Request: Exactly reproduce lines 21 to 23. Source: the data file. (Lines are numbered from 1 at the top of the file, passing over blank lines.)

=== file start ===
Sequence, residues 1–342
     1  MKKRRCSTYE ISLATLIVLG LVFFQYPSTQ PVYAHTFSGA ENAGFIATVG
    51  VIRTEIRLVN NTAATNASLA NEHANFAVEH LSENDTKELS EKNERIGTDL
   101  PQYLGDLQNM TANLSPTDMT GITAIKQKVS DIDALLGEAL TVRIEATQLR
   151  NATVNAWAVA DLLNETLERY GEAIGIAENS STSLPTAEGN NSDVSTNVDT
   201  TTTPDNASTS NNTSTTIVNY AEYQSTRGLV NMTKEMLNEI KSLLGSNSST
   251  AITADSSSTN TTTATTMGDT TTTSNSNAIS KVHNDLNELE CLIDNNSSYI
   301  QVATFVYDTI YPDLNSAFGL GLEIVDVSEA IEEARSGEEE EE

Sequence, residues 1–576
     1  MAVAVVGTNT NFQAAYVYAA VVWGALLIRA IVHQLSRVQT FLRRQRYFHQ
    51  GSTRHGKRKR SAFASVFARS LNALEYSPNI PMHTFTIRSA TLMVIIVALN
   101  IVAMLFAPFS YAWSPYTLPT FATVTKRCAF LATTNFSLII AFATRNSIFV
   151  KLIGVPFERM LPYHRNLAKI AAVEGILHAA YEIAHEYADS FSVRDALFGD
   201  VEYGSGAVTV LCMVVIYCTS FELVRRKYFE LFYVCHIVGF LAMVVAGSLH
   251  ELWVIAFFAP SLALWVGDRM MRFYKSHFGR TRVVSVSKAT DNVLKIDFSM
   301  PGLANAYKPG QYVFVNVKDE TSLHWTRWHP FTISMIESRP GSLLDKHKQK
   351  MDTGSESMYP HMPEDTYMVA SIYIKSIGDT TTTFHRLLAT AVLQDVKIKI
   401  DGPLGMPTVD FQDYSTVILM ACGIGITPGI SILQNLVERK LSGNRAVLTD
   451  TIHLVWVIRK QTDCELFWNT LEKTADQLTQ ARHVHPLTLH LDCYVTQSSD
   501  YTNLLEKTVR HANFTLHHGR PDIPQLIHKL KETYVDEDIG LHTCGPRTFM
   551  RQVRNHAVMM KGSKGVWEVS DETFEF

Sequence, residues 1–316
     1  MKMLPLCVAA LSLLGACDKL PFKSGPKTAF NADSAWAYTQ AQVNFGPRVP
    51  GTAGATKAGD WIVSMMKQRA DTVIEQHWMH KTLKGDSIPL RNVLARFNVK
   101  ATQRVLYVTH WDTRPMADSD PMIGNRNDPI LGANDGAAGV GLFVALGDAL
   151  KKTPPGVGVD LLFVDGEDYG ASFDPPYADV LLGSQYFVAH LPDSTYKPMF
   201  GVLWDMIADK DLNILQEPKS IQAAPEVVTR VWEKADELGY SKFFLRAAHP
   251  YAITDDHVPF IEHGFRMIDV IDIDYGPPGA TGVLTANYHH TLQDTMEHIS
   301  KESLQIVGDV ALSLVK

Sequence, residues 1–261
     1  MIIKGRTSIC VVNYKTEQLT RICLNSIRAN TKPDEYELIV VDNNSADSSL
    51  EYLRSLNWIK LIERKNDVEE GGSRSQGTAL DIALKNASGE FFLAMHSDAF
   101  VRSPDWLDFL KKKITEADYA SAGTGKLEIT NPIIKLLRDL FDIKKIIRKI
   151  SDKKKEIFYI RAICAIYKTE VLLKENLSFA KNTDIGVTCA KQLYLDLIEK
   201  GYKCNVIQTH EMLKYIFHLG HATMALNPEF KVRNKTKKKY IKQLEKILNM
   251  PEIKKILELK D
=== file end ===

   551  RQVRNHAVMM KGSKGVWEVS DETFEF

Sequence, residues 1–316
     1  MKMLPLCVAA LSLLGACDKL PFKSGPKTAF NADSAWAYTQ AQVNFGPRVP